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'Massive Breakthrough'

NY Becomes First State to Pass Electronics Right-to-Repair Bill

New York state could soon have the nation’s first digital electronics right-to-repair law, after the legislature passed on a bipartisan basis a proposal (S-4104/A-7006) Friday to require OEMs to provide parts, tools and repair documentation to consumers and independent repair shops. Advocates celebrated their first state victory on an electronics repair bill after years of trying to overcome tech industry lobbying against the legislation.

New York Assembly members voted 145-1 Friday for the right-to-repair bill by Assemblymember Patricia Fahy (D). Chris Friend (R) cast the lone no vote without any explanation during the livestreamed floor session. Voting yes, Republican Angelo Morinello thanked Fahy on the floor for making suggested changes to the bill in the Codes Committee where he’s ranking member. Senators voted 59-4 Wednesday for the right-to-repair bill, which next needs a signature from Gov. Kathy Hochul (D) to become law. Advocates "don’t expect a challenge," blogged iFixit CEO Kyle Wiens. Hochul "will review the legislation," a spokesperson said Friday.

The “landmark,” first-in-the-nation state bill aims to end “big corporate monopolization of the repair industry,” save families money, and grow independent repair shops, Fahy said on the floor. It will “eliminate so much e-waste” that “it’s the equivalent of taking 655,000 cars off the highways each year,” she said. The New York attorney general would enforce violations of the bill, which would take effect one year after enactment.

The bill wouldn’t require OEMs to divulge trade secrets or alter terms of arrangements they have with authorized repair providers. Neither OEMs nor authorized repair providers could be held liable for damage caused by owners or independent repair providers, under the bill.

Manufacturers wouldn’t have to provide parts, tools or documentation for making modifications for certain public safety communications equipment, for home appliances with an embedded digital electronic product, or for any equipment “whose diagnosis, maintenance, or repair would be inconsistent with or in violation of federal law.” OEMs wouldn’t have to provide parts that are no longer available. Also, the bill includes exemptions for motor vehicles, medical devices and off-road equipment including farm and industrial equipment.

Right-to-repair advocates expressed glee at Friday's development, in a joint statement. "New Yorkers from Niagara Falls to Long Island won a hard-earned victory today,” said Nathan Proctor, senior director of the Public Interest Research Group’s Right to Repair Campaign. “This is a massive breakthrough” that will save consumers money, protect mom-and-pop repair shops and reduce unnecessary e-waste, he said. Legislators in dozens of states have introduced right-to-repair bills, “but New York is the first state to pass a law that covers popular consumer devices such as cell phones.” he said.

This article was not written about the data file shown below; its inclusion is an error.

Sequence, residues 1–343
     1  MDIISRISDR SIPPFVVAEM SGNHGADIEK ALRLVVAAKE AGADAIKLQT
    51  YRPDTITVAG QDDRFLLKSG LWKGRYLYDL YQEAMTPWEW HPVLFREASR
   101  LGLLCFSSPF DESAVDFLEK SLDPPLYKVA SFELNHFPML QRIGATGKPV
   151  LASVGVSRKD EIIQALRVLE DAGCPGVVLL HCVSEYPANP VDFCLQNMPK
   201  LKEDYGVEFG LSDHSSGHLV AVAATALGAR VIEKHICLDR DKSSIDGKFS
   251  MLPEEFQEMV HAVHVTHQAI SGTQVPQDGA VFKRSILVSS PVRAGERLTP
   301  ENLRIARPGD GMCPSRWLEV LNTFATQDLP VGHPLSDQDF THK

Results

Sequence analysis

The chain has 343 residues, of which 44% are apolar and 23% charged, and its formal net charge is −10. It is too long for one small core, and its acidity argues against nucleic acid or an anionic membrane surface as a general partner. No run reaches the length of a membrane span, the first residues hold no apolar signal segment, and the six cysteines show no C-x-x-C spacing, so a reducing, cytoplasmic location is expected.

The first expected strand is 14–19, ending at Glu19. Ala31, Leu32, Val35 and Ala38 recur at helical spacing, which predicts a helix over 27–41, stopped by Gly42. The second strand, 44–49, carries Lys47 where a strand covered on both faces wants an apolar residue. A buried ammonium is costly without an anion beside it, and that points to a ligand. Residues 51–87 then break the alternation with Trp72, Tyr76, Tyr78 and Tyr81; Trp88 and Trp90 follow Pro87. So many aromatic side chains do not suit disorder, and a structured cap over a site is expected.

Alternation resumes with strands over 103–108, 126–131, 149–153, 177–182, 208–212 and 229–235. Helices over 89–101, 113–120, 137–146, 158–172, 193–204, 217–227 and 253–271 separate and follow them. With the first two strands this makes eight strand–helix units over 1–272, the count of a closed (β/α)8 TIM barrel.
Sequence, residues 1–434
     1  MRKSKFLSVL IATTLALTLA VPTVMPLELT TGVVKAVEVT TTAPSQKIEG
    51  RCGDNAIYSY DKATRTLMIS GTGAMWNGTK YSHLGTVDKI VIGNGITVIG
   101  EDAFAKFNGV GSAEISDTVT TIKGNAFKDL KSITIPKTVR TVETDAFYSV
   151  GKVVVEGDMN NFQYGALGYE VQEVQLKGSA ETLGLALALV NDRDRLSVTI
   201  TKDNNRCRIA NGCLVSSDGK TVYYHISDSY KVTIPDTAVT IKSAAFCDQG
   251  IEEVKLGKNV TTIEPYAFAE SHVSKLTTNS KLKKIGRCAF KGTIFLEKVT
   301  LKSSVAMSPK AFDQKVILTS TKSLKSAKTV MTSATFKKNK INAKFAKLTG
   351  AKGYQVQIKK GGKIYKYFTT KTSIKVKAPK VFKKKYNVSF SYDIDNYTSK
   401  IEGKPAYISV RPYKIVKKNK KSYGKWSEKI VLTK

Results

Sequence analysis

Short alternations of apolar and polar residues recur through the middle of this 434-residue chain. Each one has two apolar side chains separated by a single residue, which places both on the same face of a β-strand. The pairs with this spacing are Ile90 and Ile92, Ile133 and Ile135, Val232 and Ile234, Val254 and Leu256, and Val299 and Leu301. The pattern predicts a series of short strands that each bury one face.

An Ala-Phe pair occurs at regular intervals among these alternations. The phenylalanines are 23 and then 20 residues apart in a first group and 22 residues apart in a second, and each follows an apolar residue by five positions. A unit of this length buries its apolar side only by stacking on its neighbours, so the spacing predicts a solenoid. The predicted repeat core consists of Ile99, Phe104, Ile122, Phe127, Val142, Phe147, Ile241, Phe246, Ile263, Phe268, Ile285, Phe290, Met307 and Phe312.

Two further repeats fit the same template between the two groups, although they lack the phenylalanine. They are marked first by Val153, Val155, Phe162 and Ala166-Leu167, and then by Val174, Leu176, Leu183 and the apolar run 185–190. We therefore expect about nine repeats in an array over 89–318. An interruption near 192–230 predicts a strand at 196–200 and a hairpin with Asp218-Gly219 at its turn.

Every consumer in New York will “benefit from this landmark legislation,” said Executive Director Gay Gordon-Byrne. “We'll all be able to fix the stuff we like, stop being forced to buy new things we don't want, and make it possible for the secondary market to provide high quality options for reuse.” She later told us she knew there wouldn’t be much opposition in the floor vote, “but 145-1 is a huge thrill.”

New York’s passage of the bill is “a huge deal,” said iFixit's Wiens. “We're looking forward to working with manufacturers to get service documentation in the hands of more people.”

New York will be “a model for other states and Congress to follow,” said Consumer Reports Director-Advocacy Chuck Bell. CR Policy Analyst Nandita Sampath said New York consumers “are on the cusp of having real choices for fixing the devices they own, which can give them more convenient options, save them money, prevent waste, and help protect the environment.”

Tech industry opposition has scuttled bills in other states (see 2204060043), though the Entertainment Software Association, one long-term opponent, hailed the trade secret protections built into the final legislation. ESA applauds New York legislators “for recognizing the importance of intellectual property rights and ensuring that the protections players expect in video game devices remain secure,” said a spokesperson Friday.

CTA, which has opposed right-to-repair legislation for years, “is unable to provide a statement at this time,” emailed a spokesperson. The association told us in November its goal was striking a “balance” between safety and “empowering consumers to repair their own devices” (see 2111180003). But tech companies in the FTC’s two-year investigation into manufacturer repair restrictions provided no data to support their argument tying injuries to repairs performed by consumers or independent repair shops, reported the agency in May 2021 (see 2105070013).

CTIA declined to comment, but a spokesperson referred us to concerns that the wireless association by itself and with others raised in opposition memos last month. "The marketplace already provides a wide range of consumer choice for repair with varying levels of quality, price and convenience without the mandates imposed by this legislation," CTIA wrote May 10. "This bill is an unnecessary intervention in the marketplace, and its mandates could cause safety, privacy and security risks that compromise consumer safety and protection."

In other New York votes, the Senate voted 48-15 Thursday to send the governor S-8246/A-9269, a bill to add a 95-cent surcharge in Albany County to fund E911 (see 2205250036). The Assembly passed it in a 134-15 vote Tuesday. Also on Thursday, the legislature cleared a social media bill requiring a mechanism to report hate speech (see 2206020063). It was delivered Friday to Hochul.